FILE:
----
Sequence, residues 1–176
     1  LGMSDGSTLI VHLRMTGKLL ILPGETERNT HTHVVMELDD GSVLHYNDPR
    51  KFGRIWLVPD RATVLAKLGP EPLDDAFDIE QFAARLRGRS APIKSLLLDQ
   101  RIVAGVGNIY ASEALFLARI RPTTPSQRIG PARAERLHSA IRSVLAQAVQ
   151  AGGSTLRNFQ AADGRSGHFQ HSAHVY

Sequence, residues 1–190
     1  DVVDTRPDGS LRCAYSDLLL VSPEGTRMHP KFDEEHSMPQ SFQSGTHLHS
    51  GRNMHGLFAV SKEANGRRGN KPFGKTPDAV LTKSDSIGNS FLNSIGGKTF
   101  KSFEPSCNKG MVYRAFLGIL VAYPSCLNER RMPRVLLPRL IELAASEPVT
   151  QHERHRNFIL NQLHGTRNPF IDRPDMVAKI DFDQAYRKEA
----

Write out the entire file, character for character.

Sequence, residues 1–176
     1  LGMSDGSTLI VHLRMTGKLL ILPGETERNT HTHVVMELDD GSVLHYNDPR
    51  KFGRIWLVPD RATVLAKLGP EPLDDAFDIE QFAARLRGRS APIKSLLLDQ
   101  RIVAGVGNIY ASEALFLARI RPTTPSQRIG PARAERLHSA IRSVLAQAVQ
   151  AGGSTLRNFQ AADGRSGHFQ HSAHVY

Sequence, residues 1–190
     1  DVVDTRPDGS LRCAYSDLLL VSPEGTRMHP KFDEEHSMPQ SFQSGTHLHS
    51  GRNMHGLFAV SKEANGRRGN KPFGKTPDAV LTKSDSIGNS FLNSIGGKTF
   101  KSFEPSCNKG MVYRAFLGIL VAYPSCLNER RMPRVLLPRL IELAASEPVT
   151  QHERHRNFIL NQLHGTRNPF IDRPDMVAKI DFDQAYRKEA